I am in the process of dual-booting my Windows 10 PC to also run Linux Mint. I have both a 240 GB SSD and a 1TB HDD. The SSD is for the Windows 10 OS, and the HDD is for my files/documents/everything else.

I have just freed up 40 GB on the SSD and 200 GB on the HDD to install Linux. My question is, can I create the "/" partition on the SSD and the "/swap" and "/home" partitions on the HDD? If so, how?

I am completely new to Linux, and so far have been stumped by other questions I have looked at. I am wanting to install the Linux OS to my SSD for speed reasons, and then keep all my files on the HDD.

Let me know if I need to include anything else?

closed as off-topic by muru, karel, Fabby, Pilot6, Eric Carvalho Sep 24 '15 at 23:25

This question appears to be off-topic. The users who voted to close gave this specific reason:

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  • 1
    Questions on Mint should be asked on Unix & Linux. – muru Sep 23 '15 at 23:26
  • You can have any of the partitions on any of the disks, as long as GRUB is installed on the disk which is given boot priority. – muru Sep 23 '15 at 23:27
  • @muru Thanks, I will remember that for future questions. I completely forgot that this was for Ubuntu, despite the name! My apologies... – Kendall Roth Sep 23 '15 at 23:28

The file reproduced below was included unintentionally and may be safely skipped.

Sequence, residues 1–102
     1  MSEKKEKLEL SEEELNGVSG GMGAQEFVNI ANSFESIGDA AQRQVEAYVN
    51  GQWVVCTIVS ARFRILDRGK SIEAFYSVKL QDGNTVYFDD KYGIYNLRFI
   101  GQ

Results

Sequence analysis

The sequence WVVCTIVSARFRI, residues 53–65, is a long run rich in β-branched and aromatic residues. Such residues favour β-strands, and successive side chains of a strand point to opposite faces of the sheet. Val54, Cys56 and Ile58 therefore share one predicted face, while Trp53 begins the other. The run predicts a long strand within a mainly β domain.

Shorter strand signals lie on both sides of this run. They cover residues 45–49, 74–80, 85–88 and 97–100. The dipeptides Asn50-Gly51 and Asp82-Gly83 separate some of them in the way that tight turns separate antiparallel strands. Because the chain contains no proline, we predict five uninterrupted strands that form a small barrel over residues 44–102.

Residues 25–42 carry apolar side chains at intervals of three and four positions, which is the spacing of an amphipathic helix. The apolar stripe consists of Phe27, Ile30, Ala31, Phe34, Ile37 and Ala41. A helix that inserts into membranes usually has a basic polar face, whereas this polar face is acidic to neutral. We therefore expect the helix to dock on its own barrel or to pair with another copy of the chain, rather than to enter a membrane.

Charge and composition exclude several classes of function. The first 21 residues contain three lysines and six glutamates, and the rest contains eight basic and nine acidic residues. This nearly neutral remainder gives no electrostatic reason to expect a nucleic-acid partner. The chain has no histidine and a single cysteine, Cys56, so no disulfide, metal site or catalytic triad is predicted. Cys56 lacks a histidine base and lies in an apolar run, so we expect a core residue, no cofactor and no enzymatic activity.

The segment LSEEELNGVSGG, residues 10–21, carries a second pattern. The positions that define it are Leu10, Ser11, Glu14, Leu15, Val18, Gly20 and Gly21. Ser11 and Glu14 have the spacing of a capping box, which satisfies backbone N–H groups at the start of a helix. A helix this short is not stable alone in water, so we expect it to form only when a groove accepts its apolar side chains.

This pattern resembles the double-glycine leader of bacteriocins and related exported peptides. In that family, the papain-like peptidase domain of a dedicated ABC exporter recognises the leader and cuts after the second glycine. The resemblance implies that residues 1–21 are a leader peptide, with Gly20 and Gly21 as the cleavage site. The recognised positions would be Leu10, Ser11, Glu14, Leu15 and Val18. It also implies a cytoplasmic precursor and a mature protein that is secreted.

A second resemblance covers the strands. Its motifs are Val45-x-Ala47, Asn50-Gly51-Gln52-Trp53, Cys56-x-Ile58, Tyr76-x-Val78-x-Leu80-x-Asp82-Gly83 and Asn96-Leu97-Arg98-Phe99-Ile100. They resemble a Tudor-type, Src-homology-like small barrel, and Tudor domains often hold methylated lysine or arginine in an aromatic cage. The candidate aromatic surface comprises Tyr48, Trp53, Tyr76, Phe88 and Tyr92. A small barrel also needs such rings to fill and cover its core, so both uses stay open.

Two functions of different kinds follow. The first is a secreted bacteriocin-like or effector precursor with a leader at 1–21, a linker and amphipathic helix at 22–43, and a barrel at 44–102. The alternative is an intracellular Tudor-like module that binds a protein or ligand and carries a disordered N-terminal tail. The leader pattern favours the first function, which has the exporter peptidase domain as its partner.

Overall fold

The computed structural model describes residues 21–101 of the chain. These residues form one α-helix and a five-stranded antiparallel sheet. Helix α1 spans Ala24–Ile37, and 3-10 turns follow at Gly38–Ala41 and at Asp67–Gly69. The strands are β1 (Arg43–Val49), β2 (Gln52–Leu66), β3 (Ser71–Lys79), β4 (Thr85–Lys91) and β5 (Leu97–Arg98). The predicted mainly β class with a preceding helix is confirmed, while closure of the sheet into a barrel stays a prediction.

YES YOU CAN , Just start the ubuntu installation setup and when you reach partitioning menu , 'Do Something Else' (or manual partitioning). Here you will be able to make partitions on whichever disk you want and then assign them as 'swap space' or '/home'. just be sure to make a '/' too ( This is where rest of your os will go ). Good luck.

  • OK, have done this, and will hopefully be lucky. Thanks! P.S. Do I need a "/root"? – Kendall Roth Sep 23 '15 at 23:31
  • No you don't not unless you want use ubuntu as root user. '/root' as acts as '/home' for root user. – H. Freeze Sep 23 '15 at 23:34
  • So I should only need those 3 partitions? This is eventually to be my web development PC, in case that matters. I've been Windows-bound until now. – Kendall Roth Sep 23 '15 at 23:41
  • Yea, those 3 partitions will be fine, also because you will have a separate '/home' you will be able change or install new linux without losing personal data stored in '/home' – H. Freeze Sep 23 '15 at 23:47

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